Finalizing GIPSA & Being PC

Finalizing GIPSA & Being PC

Finalizing GIPSA & Being PC plus Food Forethought. I’m Greg Martin with today’s Northwest Report.

The nation’s producers are still waiting to hear what will happen with USDA’s proposed rule on livestock marketing - the so-called GIPSA rule. U.S. Ag Secretary Tom Vilsack says USDA is working to finalize the rule - and says it’s been a healthy process.

VILSACK: It’s obviously been something people are passionate about on both sides. At the end of the day what this ultimately needs to be about is fair and balanced markets. Opportunities for producers of all sizes to basically make it. We want folks to live, work and raise their families in these rural communities. We want them to have a lot of different opportunities. That’s why we’re focused on a fair market here in the United States. We’re focused obviously on tremendous expansion of exports.

The Oregon Geographic Names Board will consider requests by the Confederated Tribes of the Umatilla Indian Reservation and the Burns Paiute to change the names of more than 30 geographic features which currently bear the name "squaw" in six Eastern Oregon counties. The term squaw is often considered offensive although their is controversy over it’s actual meaning. Some texts claim is refers to a specific body part of a woman while others say it simple means a young woman.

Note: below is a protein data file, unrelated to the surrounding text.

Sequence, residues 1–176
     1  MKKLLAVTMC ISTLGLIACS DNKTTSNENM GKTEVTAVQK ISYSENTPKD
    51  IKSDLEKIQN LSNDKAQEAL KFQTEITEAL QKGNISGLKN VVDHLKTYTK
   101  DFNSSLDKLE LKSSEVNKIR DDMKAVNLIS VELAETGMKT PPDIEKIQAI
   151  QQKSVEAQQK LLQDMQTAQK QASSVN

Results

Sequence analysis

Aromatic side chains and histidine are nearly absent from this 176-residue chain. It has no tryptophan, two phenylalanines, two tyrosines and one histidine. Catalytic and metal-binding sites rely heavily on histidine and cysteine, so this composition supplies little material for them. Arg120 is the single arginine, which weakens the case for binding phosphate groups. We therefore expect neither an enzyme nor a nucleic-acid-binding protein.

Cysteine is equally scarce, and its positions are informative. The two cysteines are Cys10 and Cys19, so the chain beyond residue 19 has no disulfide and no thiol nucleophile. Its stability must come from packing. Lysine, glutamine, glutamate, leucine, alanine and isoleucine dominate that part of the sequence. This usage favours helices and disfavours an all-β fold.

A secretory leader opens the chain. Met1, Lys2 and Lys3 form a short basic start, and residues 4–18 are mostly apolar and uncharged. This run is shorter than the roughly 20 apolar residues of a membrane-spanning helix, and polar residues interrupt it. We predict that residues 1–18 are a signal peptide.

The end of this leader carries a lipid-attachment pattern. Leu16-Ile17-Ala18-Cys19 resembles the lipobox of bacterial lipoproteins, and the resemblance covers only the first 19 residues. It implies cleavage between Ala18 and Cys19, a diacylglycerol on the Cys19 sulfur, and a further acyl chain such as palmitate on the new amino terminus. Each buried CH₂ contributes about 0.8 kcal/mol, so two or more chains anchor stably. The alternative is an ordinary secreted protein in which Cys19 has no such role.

Now with today’s Food Forethought, here’s Lacy Gray.

Today Halloween is about jack-o-lanterns, candy, ghost and goblin window clings, and costumes galore, but where did this most misunderstood and often misrepresented of holidays get its beginnings? Our ancestors were much more in tune with nature than we are. The majority were farmers who based their lives on the natural rhythms and cycles of nature. Halloween falls just after the large harvest season and at that time of year when a large portion of the world is seeing shorter days and longer colder nights. Understanding the close connection centuries ago of people and food, beyond just the eating of, helps us to better understand what may seem like strange Halloween rituals and traditions today. The game of apple bobbing related to love and bringing possible marriage partners together. Turnip carving, or pumpkin carving was done to light the darkness and ward off evil, not invite it. Many herbs and spices such as rosemary, fennel, and garlic were harvested and used in olden times not only for culinary or medicinal purposes, but protection as well. Why even today the strong smell of garlic can ward off unwanted attention!

Thanks Lacy. That’s today’s Northwest Report. I’m Greg Martin on the Ag Information Network. 

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